REVIEW

REVIEW: Thanya Iyer - Do You Dream? Mixtape

Raquel Dalarossa

Montreal's Thanya Iyer calls her music "future folk." It's an apt categorization, not least because the future is, by definition, full of endless possibilities. Iyer—a vocalist, composer, producer, and bandleader—crafts music that is fanciful and roaming, incorporating bits of soul, jazz, electronica, and pop to build her own version of the future.

Formally, her band includes friends Daniel Gélinas and Alex Kasirer-Smibert, but the trio recruit plenty of contributors to complete their ambitiously lush sound. The experimental group will put anything at their disposal in an effort to enhance the textures in their music; on Iyer's debut album, Do You Dream?, released two years ago, Gélinas is credited for playing "dried clementine peels," but the percussionist can also be seen in a live video using two bowls of water for instruments.

Now, in a cassette mixtape put together for Topshelf Records, the band has revisited their album with fresh minds and fresh appetites for ever more exploration. The result includes three thoughtfully reimagined tracks and two new ones that dial back Iyer's orchestral tendencies in favor of something more intimate in character. Aided by the "Mawmz" choir (Brigitte Naggar, Shelby Cohen, Sarah Rossy), the tracks here have an especially dreamlike, ethereal quality when compared to their original album versions, but Iyer’s vocals remain the anchor to the constantly expanding and evolving landscape of sounds. 

"Daydreaming" gains a full minute of gauzy, sleepy rumination, while "Bridges" becomes an after-hours jam, the hushed vocals, atmospheric hums, and heartbeat-like drumming blending together like muted, watercolor tones on a creamy canvas. “Not Warm / Not Cold” jumps between choral a cappella sections and noisy maximalist ones before nestling into a warm nook, where Iyer’s honeyed, soulful vocals sit atop a bed of gently played keys and hi-hats. Finally, the two new tracks, "Water" and "Solace," round out the collection, the former full of inviting intrigue and mystery, and the latter a space-age lullaby.

With the tracks all bleeding into one another, they feel more like vignettes than fully formed songs per se, which means the mixtape is best enjoyed uninterrupted. But who would want to interrupt this all too short and tender ride through Thanya Iyer's imagination anyway?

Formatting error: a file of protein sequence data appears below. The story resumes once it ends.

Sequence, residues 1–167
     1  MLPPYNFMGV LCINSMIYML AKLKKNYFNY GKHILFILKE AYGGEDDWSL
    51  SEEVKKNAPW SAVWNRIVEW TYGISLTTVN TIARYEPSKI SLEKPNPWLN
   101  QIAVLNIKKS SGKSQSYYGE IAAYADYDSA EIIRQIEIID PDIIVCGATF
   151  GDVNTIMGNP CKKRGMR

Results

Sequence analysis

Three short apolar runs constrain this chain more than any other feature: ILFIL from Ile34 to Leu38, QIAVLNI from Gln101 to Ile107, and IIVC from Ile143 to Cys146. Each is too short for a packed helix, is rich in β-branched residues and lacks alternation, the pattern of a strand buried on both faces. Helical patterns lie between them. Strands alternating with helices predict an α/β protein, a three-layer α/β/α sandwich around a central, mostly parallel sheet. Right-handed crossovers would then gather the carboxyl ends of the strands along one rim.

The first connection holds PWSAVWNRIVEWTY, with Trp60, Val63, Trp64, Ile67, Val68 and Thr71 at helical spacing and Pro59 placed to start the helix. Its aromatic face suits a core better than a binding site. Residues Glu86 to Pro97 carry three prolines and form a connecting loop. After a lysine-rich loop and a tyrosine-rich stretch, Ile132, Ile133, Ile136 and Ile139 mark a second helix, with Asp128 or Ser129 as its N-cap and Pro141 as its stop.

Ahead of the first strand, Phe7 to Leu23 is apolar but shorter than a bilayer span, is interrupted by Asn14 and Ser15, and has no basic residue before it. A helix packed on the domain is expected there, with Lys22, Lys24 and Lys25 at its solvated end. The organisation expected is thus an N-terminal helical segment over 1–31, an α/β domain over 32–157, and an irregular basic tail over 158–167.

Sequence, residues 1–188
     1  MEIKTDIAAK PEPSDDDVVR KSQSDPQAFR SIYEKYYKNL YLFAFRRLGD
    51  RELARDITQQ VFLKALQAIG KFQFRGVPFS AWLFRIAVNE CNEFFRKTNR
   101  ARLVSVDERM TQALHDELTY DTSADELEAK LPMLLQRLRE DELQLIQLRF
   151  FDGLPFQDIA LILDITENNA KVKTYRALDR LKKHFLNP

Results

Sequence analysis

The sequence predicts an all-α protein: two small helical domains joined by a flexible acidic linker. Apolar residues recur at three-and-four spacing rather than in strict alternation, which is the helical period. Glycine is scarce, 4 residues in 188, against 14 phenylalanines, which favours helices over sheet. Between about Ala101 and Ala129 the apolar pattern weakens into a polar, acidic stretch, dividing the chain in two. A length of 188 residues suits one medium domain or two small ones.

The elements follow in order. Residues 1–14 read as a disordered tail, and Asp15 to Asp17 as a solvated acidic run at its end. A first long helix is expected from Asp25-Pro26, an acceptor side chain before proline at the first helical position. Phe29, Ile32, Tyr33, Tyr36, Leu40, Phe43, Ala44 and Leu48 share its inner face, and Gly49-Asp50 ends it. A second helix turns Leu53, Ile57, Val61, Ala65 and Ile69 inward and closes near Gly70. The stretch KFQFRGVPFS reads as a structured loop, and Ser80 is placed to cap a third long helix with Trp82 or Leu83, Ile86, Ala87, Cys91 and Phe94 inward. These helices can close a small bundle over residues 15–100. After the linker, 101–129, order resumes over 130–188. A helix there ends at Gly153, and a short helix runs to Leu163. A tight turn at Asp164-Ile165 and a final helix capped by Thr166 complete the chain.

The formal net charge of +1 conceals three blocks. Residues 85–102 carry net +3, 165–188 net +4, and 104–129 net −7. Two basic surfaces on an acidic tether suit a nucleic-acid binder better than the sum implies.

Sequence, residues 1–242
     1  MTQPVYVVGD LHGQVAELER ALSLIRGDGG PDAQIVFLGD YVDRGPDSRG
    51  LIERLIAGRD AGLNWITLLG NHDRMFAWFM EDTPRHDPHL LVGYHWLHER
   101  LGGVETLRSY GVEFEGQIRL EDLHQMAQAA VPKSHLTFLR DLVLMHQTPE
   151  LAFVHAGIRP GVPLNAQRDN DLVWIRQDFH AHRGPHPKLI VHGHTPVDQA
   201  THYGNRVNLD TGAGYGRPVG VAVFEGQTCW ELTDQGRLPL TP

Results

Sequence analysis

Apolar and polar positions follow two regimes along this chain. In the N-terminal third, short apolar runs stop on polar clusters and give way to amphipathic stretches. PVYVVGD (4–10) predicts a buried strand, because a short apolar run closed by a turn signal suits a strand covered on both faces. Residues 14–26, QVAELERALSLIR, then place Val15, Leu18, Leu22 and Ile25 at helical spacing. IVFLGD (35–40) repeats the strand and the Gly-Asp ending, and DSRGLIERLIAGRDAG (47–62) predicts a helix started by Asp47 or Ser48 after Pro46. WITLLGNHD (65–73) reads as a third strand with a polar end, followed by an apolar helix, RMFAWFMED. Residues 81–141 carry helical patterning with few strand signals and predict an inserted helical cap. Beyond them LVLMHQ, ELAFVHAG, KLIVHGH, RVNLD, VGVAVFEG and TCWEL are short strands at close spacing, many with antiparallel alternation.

REVIEW: Prism Tats - Mamba

mamba.jpg

Phillipe Roberts

A little advice when trying out Mamba: check your DIY at the door. Garrett Van Der Spek makes garage rock that’s a bit too plush for the basement. Cushioned with clean vocal harmonies, embellished with soft synthesizers, and sandwiched between a pair of spacious, downbeat crooning numbers, Prism TatsMamba tackles the genre with a smirking poise. The tempos don’t rush ahead nervously and the instruments knit together seamlessly, entirely devoid of rough edges. There’s a calculated energy to the affair that can’t be ignored. For devotees of the genre, crate digging for the latest blown out gem, its pristine presentation leaves a certain “rawness” to be desired. But even still, Van Der Spek’s clear ambition in flexing his songwriting chops and the unflinching swagger he carries into each song makes for a brisk rush of energy from top to bottom.

To call the production on Mamba “clean” is a raving understatement—this album is Department of Health Grade A spotless. Even its loudest, most chaotic moments, like the feedback eruption that closes out the title track, don’t come close to putting the meter into the red or producing the slightest unwanted artifact. On tracks with a serious amount of tonal variety, like “Vamps,” which thunders ahead with plenty of vocal effects swimming around two guitars, one bright and palm-muted and the other ringing like church bells in the pre-chorus, this streamlined sound works well. It brings out a tremendous amount of flavor that would otherwise get muddled. But on “Live Like Dogs,” whose glam rock design struggles to pull ahead of the typical guitar-drums-bass instrumentation, it saps some much needed unpredictability from a tightly written tune.